How Vanderveer Place Won the ‘Greenest Block in Brooklyn’ Contest

NEW YORK—When I arrived at Vanderveer Place today, a small street with 27 family homes, Cecil Cuffley and her sisters Cheryl and Anette warmly greeted me, offering orange juice, mini turkey buns, and homemade coconut bread. They were celebrating.

Their smiles enhanced the environment from which they stood, which felt just like an oasis with every single home bursting with trees, and bushes and flowers in clean, brilliant color, in sharp contrast to the dull brown and gray streets in New York City.

The block association, of which the Cuffley’s are part, are the first prize winners of the residential street category in a contest for the Greenest Block in Brooklyn.

Vanderveer Place has won the first prize three times. They won the inaugural year in 1995, in 2006, and again this year, but Venderveer Place Block Association President Olivia Avery tells me proudly that they have placed every single year.

The block’s affinity for gardening began in 1971, explains Cecil Cuffley, when their family arrived from Barbados and bought a home there.

“My mother as a matter of fact, she was the initial gardener of the block, because you know she loved her gardens in Barbados,” explains Cecil.

Elsie Cuffley spent morning, noon, and night out in the yard gardening, which attracted the interest of neighbors. They would chat over the hedge while Elsie weeded and tended her flowers.

“We sort of just kept up the tradition and then the block became involved,” says Anette.

The Vanderveer Place Block Association, which is over 20 years old, began a friendly gardening contest of its own, with categories for best front garden, best window box, and most creativity.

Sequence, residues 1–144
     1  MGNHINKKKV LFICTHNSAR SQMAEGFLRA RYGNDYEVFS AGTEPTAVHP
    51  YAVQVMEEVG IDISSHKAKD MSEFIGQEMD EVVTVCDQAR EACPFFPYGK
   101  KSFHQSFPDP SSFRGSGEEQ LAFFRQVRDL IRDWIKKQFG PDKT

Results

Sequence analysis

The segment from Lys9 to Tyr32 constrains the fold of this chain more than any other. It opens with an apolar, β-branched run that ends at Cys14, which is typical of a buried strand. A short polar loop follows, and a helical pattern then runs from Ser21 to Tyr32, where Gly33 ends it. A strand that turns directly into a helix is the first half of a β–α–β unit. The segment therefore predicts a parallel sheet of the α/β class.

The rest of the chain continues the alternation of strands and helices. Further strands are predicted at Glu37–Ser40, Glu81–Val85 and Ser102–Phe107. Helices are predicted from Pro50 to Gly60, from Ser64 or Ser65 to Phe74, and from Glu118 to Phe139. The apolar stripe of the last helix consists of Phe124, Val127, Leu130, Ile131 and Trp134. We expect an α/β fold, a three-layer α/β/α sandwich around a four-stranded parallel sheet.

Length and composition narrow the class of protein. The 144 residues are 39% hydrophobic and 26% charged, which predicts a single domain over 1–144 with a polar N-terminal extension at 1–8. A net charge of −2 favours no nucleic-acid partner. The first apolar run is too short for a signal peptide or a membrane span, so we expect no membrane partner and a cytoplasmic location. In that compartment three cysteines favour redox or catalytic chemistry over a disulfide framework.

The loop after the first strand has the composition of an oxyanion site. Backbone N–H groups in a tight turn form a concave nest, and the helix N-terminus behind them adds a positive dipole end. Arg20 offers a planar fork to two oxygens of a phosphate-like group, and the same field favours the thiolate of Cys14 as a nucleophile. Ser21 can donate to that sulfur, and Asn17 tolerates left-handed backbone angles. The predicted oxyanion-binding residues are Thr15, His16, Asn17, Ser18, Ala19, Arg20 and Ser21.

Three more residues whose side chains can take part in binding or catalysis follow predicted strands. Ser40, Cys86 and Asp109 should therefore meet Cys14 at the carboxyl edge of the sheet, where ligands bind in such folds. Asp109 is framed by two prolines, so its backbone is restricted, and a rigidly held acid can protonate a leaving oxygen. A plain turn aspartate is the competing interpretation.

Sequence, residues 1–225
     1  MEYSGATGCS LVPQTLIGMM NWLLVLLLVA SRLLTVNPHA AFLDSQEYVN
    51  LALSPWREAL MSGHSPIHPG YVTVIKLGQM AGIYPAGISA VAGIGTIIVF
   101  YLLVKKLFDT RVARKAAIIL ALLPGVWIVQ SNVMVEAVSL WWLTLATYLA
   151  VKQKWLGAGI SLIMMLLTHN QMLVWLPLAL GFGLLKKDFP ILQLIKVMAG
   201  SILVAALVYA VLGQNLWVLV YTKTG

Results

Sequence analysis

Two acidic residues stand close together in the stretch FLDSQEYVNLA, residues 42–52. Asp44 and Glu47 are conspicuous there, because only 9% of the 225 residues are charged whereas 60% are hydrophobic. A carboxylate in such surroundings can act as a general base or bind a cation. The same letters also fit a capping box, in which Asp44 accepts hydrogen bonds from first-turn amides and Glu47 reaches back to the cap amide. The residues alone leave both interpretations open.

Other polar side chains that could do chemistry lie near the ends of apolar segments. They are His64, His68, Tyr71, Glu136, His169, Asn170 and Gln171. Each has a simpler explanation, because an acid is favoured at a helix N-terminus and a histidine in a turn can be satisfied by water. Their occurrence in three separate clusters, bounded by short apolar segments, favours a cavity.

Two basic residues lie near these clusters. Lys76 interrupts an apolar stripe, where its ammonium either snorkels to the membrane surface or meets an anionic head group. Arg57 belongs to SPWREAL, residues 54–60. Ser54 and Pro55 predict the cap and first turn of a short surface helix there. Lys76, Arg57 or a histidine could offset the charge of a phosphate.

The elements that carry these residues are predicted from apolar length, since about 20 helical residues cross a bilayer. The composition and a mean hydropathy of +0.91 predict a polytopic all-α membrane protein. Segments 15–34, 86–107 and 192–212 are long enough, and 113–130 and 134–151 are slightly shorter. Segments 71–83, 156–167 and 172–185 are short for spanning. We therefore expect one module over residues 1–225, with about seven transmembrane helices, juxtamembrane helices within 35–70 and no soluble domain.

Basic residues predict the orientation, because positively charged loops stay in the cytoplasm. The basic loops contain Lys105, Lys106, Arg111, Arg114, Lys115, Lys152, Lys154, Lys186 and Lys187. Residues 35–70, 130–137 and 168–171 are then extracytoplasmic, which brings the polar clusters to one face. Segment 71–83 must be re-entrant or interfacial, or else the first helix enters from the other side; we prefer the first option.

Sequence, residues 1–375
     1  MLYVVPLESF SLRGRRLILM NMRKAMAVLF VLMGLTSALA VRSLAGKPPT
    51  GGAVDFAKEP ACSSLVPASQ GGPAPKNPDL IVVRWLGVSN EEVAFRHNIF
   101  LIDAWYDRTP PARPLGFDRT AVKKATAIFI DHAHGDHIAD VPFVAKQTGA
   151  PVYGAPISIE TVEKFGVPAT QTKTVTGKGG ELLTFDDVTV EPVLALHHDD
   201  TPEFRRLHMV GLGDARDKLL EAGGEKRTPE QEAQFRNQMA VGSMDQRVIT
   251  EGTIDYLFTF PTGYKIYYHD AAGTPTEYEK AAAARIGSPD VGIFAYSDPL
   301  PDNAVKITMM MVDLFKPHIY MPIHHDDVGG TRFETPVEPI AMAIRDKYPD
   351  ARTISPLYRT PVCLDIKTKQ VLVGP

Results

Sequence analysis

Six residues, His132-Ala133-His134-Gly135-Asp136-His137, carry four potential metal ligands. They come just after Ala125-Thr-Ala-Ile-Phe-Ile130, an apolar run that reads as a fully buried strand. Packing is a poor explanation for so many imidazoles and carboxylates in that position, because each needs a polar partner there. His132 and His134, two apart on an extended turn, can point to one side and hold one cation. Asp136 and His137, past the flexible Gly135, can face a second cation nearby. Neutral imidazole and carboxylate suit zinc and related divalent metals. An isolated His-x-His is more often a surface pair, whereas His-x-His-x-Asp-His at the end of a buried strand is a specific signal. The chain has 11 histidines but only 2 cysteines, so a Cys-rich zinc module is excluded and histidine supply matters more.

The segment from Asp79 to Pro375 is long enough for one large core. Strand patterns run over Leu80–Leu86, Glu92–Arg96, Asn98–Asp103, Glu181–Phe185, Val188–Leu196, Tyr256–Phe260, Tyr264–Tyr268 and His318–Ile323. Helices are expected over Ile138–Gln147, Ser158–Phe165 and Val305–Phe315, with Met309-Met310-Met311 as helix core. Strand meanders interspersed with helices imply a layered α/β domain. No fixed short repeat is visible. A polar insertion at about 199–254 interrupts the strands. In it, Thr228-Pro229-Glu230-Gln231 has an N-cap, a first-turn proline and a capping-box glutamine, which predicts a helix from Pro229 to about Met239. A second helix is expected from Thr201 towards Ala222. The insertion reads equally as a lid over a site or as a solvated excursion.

When the Greenest Block in Brooklyn contest was announced, Vanderveer was already well cultivated for the race and naturally joined in.

Robin Simmen, Director of GreenBridge, the community outreach arm of the Brooklyn Botanical Gardens and the main coordinator of the contest, congratulates the people of Vanderveer Place Block Association.

“They are setting a very powerful example to all of Brooklyn about how people can do so many things together,” Simmen said. “Not only are they making a beautiful place for themselves to enjoy, but all the people who walk up and down that block get to enjoy it.”

“They are the extraordinary folks who deserve the attention for this.”
Contest Growing to Fill a Real Need

Brooklyn, with 2.5 million residents, is currently equivalent to the third largest city in the U.S., yet it has the second-lowest percentage of green space per capita. The Mayor’s report plaNYC 2030 estimates that the population of Brooklyn will increase by 1 million by 2030.

From the perspective of per capita measurement, that means even more green space is needed.

“Over the past 16 years, it’s become clear that the contest’s footprint has widened beyond our expectations, and its mission to both green the borough and rejuvenate community connection has resonated very deeply,” says Scot Medbury, president of Brooklyn Botanic Garden.

This year’s race involved 220 blocks, up from 52 in 1995.

Other categories in the contest include a commercial block category (First-Hoyt Street Victory Gardens Block), Best Street Tree Beds (First-Bainbridge Homeowners & Tenants Association), Greenest Storefront (First-Burrito Bar, 307 Flatbush Avenue), Best Window Box (First-Sam Hall, 478 State Street), Best GreenBridge Window Box Kit (First-Sunny Box, 49 Rutland Road), and Best Community Garden Streetscape (First-Brooklyn’s Finest Garden).

The Greenest Block in Brooklyn contest enjoys the support of Brooklyn Borough President Marty Markowitz and founding sponsor the Brooklyn Community Foundation.

“It doesn’t belong to anyone—it truly is a collaboration on every level, and that is what it celebrates,” Simmen said. “It celebrates the collaboration of people in making their blocks greener.”